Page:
© Michael Duff/AP
A healthcare worker prepares a colleague’s Ebola virus protective gear at a clinic operated by the International Medical Corps in Makeni, Sierra Leone.
An American healthcare worker who contracted Ebola while fighting the outbreak in Sierra Leone will be brought to the US for treatment, the National Institutes of Health announced on Thursday.
The healthcare worker is due to arrive at the NIH facility in Bethesda, Maryland, on Friday. The patient, who has not been identified as male or female, was volunteering in an Ebola treatment unit in Sierra Leone.
News of the American's infection came hours after it was announced that the epidemic in west Africa had a grim milestone: more than 10,000 people had died from Ebola in Sierra Leone, Liberia and Guinea, according to numbers released by the World Health Organization. So far, more than 24,000 people in nine countries have been infected.
The countries have made significant gains in the fight against Ebola in recent months, with the overall number of new Ebola cases slowing significantly. Earlier this month, Liberia discharged its last Ebola patient. Just six months earlier, Liberia - which has recorded more than 9,000 cases of Ebola, including more than 4,000 deaths - was reporting 300 new cases a week.
Healthcare workers are at heightened risk of exposure because of their close contact with ill patients. Since the outbreak began in December, 840 health workers have tested positive for Ebola in west Africa; there have been 491 reported deaths.
The individual being flown to the US will be the second Ebola patient to receive treatment at the facility, specifically designed to provide high-level isolation capabilities and staffed by infectious diseases and critical care specialists. The first patient, Dallas nurse Nina Pham, was treated successfully.
Michael F. JacobsonPLOS Blogs
Tue, 10 Mar 2015 17:46 UTC
A recent analysis of nearly 320 internal sugar industry documents from 1959 to 1971 shows how the industry sought to influence the setting of U.S. research priorities during that time. Disturbingly, it's a strategy that continues to this very day.
Forty or 50 years ago, at least in the United States, tooth decay was seen as the major health problem associated with consumption of refined sugars.
Back then, many dentists (probably unsuccessfully) warned patients away from sugar, and public health researchers sought ways to reduce the toll of caries, the most prevalent chronic disease in children and adolescents. Few, if any, were looking into the relationship between refined sugars and obesity or diabetes or heart disease. Now, in a remarkable piece of dental-political forensics, researchers at the University of California San Francisco have brought to light the forces that shaped oral-health policy in that era.
In a research article appearing in PLOS Medicine
this week, Cristin E. Kearns, Stanton A. Glantz, and Laura A. Schmidt
mined an archive of industry papers long buried in the library of the University of Illinois, Urbana, as well as ancient documents at the National Institute of Dental Research (NIDR). They skillfully wove a public health whodunit that we didn't even know had been done to us, showing how sugar-industry executives and the International Sugar Research Foundation (ISRF, which later became the Sugar Association) sought, successfully, to influence NIDR policy.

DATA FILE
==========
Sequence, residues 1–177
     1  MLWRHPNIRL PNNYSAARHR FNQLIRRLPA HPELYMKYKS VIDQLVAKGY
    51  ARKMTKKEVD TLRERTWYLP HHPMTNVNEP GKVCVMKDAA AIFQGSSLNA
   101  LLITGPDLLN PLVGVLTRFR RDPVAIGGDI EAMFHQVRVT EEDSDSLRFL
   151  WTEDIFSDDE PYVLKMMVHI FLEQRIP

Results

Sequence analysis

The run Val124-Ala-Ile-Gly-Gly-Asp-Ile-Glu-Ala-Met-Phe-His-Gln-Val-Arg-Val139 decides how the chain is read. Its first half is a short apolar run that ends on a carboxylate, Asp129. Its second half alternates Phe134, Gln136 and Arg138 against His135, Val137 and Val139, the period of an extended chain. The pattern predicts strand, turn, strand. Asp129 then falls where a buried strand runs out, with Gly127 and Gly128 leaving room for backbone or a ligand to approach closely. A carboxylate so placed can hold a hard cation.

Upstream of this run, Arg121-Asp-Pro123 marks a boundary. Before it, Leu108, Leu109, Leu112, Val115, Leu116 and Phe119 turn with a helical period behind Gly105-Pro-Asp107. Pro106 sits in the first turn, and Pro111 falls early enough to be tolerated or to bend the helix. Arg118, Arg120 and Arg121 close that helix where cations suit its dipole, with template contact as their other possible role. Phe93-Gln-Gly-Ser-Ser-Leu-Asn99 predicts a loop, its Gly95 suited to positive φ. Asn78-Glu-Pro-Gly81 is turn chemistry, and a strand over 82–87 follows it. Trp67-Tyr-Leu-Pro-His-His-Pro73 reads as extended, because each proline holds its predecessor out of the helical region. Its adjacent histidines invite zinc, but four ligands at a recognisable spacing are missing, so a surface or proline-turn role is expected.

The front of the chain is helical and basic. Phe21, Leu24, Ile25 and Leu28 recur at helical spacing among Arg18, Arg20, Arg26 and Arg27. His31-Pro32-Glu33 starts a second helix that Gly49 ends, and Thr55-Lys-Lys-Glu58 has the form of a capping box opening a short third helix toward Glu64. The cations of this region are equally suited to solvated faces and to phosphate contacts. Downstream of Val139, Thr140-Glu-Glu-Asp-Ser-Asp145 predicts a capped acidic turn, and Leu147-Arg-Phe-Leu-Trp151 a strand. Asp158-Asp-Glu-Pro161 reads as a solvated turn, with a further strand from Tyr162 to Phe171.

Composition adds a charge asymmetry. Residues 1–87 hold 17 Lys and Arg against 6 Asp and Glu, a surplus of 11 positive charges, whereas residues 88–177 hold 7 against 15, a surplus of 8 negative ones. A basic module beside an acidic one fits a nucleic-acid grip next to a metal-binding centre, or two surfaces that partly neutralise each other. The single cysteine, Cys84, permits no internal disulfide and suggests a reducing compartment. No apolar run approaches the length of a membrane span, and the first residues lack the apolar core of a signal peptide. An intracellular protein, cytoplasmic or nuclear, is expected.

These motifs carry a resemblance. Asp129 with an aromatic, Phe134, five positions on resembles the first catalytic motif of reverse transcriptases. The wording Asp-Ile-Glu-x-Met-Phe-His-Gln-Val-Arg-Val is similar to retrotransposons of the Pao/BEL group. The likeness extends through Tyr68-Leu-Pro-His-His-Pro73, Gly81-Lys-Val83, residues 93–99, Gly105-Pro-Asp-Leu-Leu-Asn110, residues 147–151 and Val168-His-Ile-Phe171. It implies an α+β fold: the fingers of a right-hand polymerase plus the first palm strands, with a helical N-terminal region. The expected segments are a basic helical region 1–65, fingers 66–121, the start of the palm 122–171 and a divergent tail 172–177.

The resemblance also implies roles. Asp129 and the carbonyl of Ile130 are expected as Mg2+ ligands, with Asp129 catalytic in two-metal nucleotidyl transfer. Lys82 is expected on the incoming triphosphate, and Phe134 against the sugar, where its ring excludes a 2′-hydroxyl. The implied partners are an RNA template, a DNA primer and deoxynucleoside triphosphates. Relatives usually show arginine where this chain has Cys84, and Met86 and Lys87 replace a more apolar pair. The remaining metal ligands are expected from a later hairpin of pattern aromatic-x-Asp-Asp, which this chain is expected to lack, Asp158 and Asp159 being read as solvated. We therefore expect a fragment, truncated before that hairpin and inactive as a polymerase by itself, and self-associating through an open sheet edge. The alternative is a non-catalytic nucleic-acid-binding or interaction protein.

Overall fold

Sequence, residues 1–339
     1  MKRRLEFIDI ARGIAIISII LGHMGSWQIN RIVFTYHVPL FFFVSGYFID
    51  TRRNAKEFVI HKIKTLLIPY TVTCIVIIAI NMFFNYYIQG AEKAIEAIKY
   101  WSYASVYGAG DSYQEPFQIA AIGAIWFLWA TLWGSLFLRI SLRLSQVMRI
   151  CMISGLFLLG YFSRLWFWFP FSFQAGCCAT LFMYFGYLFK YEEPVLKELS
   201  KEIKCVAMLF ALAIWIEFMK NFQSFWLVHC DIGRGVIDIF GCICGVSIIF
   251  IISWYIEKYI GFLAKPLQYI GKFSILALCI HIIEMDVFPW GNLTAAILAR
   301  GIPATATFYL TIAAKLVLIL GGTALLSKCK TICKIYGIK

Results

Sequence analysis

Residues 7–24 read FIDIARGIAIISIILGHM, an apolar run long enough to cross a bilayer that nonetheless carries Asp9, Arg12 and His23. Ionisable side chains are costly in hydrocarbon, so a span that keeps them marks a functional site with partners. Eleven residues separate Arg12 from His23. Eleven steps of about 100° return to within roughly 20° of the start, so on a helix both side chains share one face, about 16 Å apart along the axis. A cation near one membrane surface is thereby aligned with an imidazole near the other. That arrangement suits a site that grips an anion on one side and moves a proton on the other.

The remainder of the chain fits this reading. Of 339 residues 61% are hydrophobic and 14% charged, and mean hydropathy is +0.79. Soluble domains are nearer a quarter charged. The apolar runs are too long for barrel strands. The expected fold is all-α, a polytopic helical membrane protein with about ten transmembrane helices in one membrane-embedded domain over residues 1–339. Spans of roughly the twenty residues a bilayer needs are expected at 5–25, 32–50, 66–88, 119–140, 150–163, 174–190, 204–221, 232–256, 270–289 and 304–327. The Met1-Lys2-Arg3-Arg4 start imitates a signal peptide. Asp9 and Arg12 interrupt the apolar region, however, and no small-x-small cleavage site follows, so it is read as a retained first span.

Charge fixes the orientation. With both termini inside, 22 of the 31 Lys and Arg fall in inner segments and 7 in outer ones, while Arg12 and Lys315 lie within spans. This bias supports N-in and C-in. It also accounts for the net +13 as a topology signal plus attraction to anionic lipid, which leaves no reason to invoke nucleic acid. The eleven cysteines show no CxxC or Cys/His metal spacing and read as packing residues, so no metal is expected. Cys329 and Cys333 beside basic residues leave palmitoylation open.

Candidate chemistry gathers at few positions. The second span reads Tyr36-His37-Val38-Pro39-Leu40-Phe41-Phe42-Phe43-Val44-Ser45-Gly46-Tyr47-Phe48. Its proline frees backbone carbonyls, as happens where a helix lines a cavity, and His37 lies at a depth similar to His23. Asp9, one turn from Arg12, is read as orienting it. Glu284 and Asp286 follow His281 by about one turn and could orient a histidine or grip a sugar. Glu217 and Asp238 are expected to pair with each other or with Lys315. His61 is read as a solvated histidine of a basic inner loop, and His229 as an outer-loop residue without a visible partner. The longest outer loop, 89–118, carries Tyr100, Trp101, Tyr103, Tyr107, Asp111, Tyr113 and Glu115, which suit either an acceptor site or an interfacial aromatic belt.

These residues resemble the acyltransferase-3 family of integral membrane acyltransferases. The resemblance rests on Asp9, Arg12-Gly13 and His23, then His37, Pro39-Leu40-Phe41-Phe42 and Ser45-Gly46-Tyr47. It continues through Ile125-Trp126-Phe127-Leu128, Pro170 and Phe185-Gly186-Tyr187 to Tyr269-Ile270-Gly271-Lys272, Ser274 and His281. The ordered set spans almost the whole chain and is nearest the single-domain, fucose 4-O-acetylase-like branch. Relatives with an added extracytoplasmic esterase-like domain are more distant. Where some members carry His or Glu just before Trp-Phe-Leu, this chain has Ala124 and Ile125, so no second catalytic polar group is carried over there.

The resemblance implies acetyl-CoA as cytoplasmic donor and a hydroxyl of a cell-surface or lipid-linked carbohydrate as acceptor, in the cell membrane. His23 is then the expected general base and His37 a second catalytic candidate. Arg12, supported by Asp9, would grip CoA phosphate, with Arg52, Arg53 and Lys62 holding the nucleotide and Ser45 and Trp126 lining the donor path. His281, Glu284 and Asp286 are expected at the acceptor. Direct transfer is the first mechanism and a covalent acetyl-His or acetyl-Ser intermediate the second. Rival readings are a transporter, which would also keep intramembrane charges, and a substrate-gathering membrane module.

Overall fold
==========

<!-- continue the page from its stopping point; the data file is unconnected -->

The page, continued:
The documents reveal a virtual capture of the NIDR by an affected industry. In the late 1960s NIDR began planning a National Caries Program (NCP) to fund research on the prevention of caries. The cane and beet sugar industry, understandably, was concerned that the committee might recommend measures to reduce sugar consumption, which even it had recognized as contributing to caries. Hence, the industry mounted a campaign to ensure that research focused not on the public health goal of reducing sugar consumption, but instead on prophylactic measures like vaccines, dextranases, and other approaches to reducing caries.
Greed is driving corporations to work extremely hard to hide the truth behind the negative effects of sugar on the population. Unfortunately, there is a wealth of data that points to sugar being extremely unhealthy:
A most important FDA file somehow was emailed to me and, as a consumer health researcher, retired healthcare professional, consumer health author/journalist/blogger, and certified paralegal, after reading it, I feel it is my moral duty to share it with all citizens in the USA.
Someone [name redacted] at the U.S. Department of Health and Human Services/FDA [PDF
] sent the then recently-inaugurated president, Barack Hussein Obama, a letter, which I will parse in part below. Also, a CERTIFIED
document, including a notarized affidavit signed by Sarah Kotler, the Denials and Appeals Officer in the Division of Freedom of Information, Office of Public Information and Library Services, Office of Shared Services, Office of the Commissioner, United States Food and Drug Administration, was provided to an unidentified receiver, regarding serious ethical and fraud problems within the U.S. Food and Drug Administration (FDA). Since I did not receive copies of what Kotler supplied in No. 4, I cannot speak to them. Furthermore, The Wall Street Journal published an article about some of FDA's problems in its Oct. 22, 2009 online issue
© fotoforfun / Fotolia
Ask people what it takes to live a long life, and they'll say things like exercise, take Omega-3s, and see your doctor regularly.
Now research from Brigham Young University shows that loneliness and social isolation are just as much a threat to longevity as obesity.
"The effect of this is comparable to obesity, something that public health takes very seriously
," said Julianne Holt-Lunstad, the lead study author. "We need to start taking our social relationships more seriously."
Loneliness and social isolation can look very different. For example, someone may be surrounded by many people but still feel alone. Other people may isolate themselves because they prefer to be alone. The effect on longevity, however, is much the same for those two scenarios.